Home » Pump or Plug: Electric Cars and the Future of Gas Stations
California freeways have long inspired a legendary car culture. But classic fixtures of that lifestyle are primed for change. Last fall, the state’s governor, Gavin Newsom, set 2035 as the year by which all new cars and passenger trucks sold in California must be zero-emission, or electric, vehicles (EVs)—a decade and a half ahead of the current federal deadline of 2050. (The UK has since revised its own target dates, which are now similar to California’s.) In late January, General Motors upped the ante, announcing that, by 2035, it will sell only EVs worldwide. This profound transformation will have implications well beyond the natural environment. For example, what will happen to gas stations? It may not make sense simply to convert them into charging venues, which, with current technology, demand time and space far exceeding that of traditional fueling. Though innovations with batteries and re-energizing methods continue to emerge, a full recharge still takes anywhere from 40 minutes to, more typically, an entire night. This means the process requires places for cars to sit, making home charging and parking lot plug-ins the most likely alternatives for the immediate future. So, what will become of the ubiquitous gas stations—more than 107,000 across the United States and over 7,000 in California alone—that punctuate neighborhoods and roadways with their logos and sweeping canopies, beckoning like great 3-D billboards?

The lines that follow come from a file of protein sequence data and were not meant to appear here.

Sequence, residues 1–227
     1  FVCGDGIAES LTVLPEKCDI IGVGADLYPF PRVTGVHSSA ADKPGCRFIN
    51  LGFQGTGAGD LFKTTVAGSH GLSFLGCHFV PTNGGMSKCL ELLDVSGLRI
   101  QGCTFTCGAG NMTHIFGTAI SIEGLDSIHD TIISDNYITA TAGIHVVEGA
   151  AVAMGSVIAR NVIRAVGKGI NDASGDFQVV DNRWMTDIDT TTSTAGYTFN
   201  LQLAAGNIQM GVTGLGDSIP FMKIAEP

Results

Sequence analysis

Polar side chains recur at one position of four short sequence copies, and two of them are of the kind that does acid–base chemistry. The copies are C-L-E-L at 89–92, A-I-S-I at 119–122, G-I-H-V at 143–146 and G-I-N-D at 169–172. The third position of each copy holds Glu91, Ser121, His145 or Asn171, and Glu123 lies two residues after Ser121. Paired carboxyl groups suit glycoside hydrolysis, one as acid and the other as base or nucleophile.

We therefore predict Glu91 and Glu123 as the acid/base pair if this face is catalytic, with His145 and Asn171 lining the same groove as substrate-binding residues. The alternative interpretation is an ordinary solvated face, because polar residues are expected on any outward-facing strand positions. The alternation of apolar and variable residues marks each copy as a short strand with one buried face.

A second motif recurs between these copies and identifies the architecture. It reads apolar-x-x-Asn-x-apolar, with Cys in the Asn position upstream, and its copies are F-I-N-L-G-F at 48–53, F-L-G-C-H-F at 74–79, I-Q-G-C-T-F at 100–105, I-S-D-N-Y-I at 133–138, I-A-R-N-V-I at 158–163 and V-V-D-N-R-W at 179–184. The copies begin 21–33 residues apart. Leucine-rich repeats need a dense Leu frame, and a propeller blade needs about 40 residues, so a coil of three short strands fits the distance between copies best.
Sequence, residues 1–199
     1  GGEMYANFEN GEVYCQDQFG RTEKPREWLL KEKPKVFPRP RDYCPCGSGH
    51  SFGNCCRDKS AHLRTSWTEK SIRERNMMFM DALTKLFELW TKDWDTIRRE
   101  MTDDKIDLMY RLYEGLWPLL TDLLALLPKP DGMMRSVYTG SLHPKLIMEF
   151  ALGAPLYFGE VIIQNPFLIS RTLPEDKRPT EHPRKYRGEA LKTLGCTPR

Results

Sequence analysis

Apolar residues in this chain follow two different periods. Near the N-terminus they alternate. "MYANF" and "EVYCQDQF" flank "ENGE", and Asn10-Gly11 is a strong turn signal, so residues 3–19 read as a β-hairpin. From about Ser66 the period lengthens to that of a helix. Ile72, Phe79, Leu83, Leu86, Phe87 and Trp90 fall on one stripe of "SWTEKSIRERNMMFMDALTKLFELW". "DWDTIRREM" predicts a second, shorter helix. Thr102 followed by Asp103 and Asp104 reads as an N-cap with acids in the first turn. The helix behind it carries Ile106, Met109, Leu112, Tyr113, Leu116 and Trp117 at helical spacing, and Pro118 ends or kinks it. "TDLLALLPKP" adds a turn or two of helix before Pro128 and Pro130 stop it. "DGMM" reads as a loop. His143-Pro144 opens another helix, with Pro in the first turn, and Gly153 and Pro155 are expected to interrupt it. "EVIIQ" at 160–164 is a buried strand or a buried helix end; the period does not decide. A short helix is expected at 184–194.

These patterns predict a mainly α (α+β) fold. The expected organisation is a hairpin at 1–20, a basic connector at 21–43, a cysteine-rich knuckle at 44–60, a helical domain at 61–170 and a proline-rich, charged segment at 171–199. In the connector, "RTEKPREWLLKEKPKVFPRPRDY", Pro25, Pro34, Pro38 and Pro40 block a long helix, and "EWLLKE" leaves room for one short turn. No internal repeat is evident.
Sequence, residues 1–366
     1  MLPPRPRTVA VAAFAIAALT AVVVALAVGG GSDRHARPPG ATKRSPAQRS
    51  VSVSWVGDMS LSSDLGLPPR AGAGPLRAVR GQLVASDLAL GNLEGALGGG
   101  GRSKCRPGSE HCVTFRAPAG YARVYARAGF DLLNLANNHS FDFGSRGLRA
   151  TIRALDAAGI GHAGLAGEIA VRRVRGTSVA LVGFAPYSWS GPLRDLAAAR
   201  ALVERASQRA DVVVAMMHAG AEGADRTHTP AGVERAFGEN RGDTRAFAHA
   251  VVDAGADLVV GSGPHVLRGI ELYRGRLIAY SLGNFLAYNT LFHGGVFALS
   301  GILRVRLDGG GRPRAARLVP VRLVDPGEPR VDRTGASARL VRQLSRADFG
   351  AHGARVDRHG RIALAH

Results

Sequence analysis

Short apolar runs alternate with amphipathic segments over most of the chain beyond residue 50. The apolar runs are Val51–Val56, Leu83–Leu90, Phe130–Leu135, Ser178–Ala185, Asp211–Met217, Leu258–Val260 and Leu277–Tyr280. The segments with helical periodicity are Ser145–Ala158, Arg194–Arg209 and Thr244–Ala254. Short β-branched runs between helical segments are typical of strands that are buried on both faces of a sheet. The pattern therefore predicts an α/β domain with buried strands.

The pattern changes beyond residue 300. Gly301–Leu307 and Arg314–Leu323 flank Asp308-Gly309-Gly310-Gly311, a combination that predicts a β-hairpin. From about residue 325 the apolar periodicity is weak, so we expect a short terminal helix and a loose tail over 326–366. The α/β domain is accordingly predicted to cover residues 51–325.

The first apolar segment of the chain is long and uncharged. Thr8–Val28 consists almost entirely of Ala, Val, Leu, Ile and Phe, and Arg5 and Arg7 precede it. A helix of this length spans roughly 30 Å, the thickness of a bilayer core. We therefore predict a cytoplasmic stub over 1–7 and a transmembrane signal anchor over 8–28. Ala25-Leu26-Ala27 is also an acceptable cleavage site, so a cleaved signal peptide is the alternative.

“I think there’s a real commercial opportunity here—and potential to increase community amenities,” says architect (and longtime electric-car owner) Craig Hodgetts, of Mithun | Hodgetts + Fung, in Culver City, California. “There’s probably a gas station within walking distance of most homes throughout the country, making them a natural fit for another kind of chain, like coworking spaces or small parks or gyms.” Though the canopy (and even the entire site footprint) might be too small to harvest sufficient solar energy for daily recharging of one vehicle after another, it could provide enough power for another type of business to operate at net zero. Modifiable elements of branding consistency would already be in place. And, since the original structures tend to be “industrial products with standardized prefab components,” Hodgetts adds, “they offer a kit of parts that could be readily (and economically) repurposed.”